That “Ugh” Feeling When Reading Scripture

Doy Moyer

Don’t pretend you don’t have it. When reading Scripture, there are people, events, and laws that make us gasp and think, “Really? How? Why?” They cause repulsion. If they don’t, then I’d think there is a problem with us. How can we read about what Cain did to Abel, what Ham did with Noah, what Judah did to Tamar, what David did with Uriah and Bathsheba, what Amnon did to his sister Tamar (and on we can go) without getting a bit of that “Ugh, this is nasty” feeling?

There are laws given under Moses that we look at and think, “I don’t get it. Why this? Why would God accommodate that? Aren’t some of these laws a bit brutal? Why didn’t God just do it another way?” We feel uneasy, especially when unbelievers point to some of these laws as proof that the Bible is flawed and promotes evils like slavery and hatred of women. Do we just walk away at this point?

Then, we feel badly for getting that “ugh” feeling. Aren’t we supposed to delight in the word of God? Isn’t it supposed to be edifying and helpful? What are we missing here?

We’re supposed to feel this way. We’re supposed to get that “ugh” sense when reading these things. Why? All of it is a reminder of what sin does. The Bible isn’t intended just to make us feel good. It’s not a “have a good day” self-help book. It’s gritty. It shows the reality of evil. As it opens up the wounds of life, we can see the gashes, blood, and guts of why sin is so bad. We’re naturally going to resist. We don’t want to see it. We think God’s message ought to be roses without thorns, but that’s not reality. Not even close.

One of the primary purposes of the Law was to say, “This is what it’s like to be under sin. This is the best you get when sin has split asunder the fabric of creation. This accommodates a corrupted world, and it’s not pretty.” It’s meant to cause people to think, “This is a burden we cannot bear.” Isn’t that what Peter indicated in Acts 15:10 when he spoke of the “yoke” that “neither our fathers nor we have been able to bear”?

Even though the Law contained glimpses of God’s grace, and though many still found delight in that aspect of it (Psalm 1), the reality is that it was not the ideal. The Law wasn’t meant to make everyone feel good. It wasn’t meant to set the entire world straight. It wasn’t meant to be the fix to a world of evil and corruption. It was meant to show sin for what it was. It was meant to be incomplete. It was meant to cause people to think that there must be something better. It was meant to keep the wound open for all to see so that they would long for a better way. That’s one of the reasons I’m so amazed some of the people wanted to hang on to the Law so tightly. They weren’t willing to give up what clearly was not ideal for the solution offered by God.

When we get that “ugh” feeling, the ugliness of sin is exactly what we’re seeing and feeling. And we should feel it. The Law shows us the despair of sin, not the solution to it.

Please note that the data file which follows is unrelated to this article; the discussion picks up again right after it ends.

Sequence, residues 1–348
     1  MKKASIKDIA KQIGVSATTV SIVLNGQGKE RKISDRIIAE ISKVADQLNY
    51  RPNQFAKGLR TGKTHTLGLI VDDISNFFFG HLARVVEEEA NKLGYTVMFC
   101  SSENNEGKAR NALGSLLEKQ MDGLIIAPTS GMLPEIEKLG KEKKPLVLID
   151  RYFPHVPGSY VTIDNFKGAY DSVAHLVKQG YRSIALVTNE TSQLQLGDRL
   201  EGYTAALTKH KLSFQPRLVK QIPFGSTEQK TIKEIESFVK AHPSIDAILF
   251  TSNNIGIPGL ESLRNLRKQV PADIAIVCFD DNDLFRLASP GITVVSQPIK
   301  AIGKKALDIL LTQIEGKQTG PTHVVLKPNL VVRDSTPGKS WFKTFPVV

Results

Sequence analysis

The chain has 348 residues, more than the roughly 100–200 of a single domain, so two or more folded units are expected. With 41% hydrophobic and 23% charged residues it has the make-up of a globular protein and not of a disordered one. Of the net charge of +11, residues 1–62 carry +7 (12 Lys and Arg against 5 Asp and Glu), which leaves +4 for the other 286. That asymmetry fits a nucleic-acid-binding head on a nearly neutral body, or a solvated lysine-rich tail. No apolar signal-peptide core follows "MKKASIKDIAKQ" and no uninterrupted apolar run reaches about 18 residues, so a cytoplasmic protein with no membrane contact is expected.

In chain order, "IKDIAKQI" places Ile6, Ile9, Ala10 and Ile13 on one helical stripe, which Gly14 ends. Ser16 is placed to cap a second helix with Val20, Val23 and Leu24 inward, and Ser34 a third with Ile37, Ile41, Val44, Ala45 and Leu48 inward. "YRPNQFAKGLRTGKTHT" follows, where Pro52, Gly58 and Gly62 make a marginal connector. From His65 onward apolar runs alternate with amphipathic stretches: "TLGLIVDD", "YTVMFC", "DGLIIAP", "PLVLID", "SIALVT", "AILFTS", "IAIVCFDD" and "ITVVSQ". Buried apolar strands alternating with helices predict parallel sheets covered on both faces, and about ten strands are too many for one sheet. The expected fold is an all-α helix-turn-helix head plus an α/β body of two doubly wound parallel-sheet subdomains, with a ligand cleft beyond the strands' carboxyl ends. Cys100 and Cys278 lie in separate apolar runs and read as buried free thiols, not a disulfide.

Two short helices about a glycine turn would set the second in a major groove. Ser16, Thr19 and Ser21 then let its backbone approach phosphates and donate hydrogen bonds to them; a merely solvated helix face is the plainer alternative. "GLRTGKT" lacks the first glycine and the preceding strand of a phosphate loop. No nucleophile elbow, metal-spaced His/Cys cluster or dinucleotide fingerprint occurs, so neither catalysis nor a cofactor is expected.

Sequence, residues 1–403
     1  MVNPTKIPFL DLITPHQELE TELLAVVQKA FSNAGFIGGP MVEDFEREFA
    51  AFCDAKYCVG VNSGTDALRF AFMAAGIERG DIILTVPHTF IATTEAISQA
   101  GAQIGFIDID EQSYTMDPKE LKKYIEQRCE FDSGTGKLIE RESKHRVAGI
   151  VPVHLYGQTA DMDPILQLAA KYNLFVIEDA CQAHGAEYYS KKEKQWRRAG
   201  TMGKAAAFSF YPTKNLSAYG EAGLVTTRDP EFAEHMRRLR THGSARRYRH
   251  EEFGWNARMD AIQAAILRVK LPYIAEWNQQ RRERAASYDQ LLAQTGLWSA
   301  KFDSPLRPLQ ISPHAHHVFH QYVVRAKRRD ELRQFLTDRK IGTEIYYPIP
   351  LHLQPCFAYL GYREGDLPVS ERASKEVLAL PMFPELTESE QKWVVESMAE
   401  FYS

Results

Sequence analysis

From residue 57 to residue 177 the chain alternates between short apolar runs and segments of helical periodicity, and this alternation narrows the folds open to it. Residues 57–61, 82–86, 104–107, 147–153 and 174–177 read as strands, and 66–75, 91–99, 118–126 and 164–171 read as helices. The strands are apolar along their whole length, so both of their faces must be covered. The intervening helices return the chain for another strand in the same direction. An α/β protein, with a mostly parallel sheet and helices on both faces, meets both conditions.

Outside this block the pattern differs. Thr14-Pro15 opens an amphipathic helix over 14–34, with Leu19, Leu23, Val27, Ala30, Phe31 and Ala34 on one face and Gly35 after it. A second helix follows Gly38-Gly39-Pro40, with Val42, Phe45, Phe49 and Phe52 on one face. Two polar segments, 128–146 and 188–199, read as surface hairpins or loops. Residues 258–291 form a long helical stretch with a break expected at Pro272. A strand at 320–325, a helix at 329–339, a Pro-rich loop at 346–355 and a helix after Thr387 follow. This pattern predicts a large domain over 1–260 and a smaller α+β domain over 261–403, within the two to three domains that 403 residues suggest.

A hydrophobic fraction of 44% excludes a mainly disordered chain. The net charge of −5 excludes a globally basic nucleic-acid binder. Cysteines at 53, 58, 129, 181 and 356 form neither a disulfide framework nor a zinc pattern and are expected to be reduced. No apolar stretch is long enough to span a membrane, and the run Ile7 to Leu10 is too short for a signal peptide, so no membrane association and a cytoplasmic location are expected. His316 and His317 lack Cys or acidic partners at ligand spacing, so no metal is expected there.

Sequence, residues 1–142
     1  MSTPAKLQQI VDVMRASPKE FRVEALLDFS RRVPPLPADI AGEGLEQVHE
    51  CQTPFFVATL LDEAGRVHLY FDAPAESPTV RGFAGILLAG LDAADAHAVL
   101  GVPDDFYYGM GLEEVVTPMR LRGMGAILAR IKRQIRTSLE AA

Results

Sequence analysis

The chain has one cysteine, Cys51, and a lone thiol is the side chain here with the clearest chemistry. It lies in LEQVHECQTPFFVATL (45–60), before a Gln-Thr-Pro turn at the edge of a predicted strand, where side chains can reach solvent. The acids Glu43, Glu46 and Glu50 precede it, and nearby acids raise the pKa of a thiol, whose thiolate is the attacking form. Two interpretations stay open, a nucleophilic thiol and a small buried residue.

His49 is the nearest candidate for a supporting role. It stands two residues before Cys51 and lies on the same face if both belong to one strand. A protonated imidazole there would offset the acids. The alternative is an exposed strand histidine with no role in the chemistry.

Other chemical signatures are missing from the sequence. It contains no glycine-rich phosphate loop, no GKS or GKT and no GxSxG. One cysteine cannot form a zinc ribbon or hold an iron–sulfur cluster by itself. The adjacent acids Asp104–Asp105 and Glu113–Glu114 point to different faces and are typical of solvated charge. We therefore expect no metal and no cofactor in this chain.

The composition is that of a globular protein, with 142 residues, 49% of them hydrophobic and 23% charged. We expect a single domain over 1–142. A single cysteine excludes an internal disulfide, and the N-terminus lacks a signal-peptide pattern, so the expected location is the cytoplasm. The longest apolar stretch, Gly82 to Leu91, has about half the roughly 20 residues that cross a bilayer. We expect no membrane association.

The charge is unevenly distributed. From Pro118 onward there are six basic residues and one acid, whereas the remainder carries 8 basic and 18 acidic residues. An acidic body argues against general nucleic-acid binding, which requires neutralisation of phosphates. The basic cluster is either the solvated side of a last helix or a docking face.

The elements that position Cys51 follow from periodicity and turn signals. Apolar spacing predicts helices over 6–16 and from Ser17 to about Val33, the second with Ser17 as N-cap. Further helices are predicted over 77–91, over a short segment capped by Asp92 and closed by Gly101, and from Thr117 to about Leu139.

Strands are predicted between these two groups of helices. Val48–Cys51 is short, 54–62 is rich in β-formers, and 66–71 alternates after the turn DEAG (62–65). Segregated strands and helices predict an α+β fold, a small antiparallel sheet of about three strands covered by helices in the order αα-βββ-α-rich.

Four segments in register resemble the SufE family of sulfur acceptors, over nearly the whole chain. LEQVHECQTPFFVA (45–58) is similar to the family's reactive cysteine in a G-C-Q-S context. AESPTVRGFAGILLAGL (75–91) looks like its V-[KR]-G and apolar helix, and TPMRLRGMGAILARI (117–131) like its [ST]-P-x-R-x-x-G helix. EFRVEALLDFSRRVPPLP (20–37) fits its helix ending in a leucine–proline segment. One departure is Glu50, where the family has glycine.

However, when people see the Law isolated from the rest of the story, they see the broken, torn, wrecked visage of God’s image, but they don’t see the goal or purpose for which it was made. They don’t see the ending. It’s like watching a movie or reading a book part way in—just enough to see the plot go bad—and thinking that’s all there is. The solution may not have presented itself yet, so they assume it’s not there and they turn it off. People do that with Scripture. They fail to connect the dots and see how it all comes together in the end.

The whole point was to show that there was indeed a need for something better and greater. God’s plan was not complete in the Law or in the people who acted so badly. God’s plan was to bring about Jesus Christ so that in Him, that ugly monster of sin and its consequences can finally be buried in its own stench and ruins. Christ came to redeem and renew. He is the solution.

And the cross? Here is the culmination of what the horror of sin does. The One who came in the flesh, the perfection of God’s image, is marred more than any man (Isa 52:14). Through His death, the image of God may be reclaimed and renewed, and we may share in it. Sins are forgiven. Purpose is renewed.

Don’t think for a moment that the way Scripture is given is without purpose. Sin is presented before us in all of its ugliness, and the people and the Law reflect that. Yet it was all part of the plan to get people to see the need for a real solution. That solution would not be found in more laws. It would be found in Christ, where the grace and love of God is fully revealed. That uncomfortable feeling we get when reading or studying certain sections of the Old Testament? It’s meant to bring us to Christ (Gal 3:23-29).

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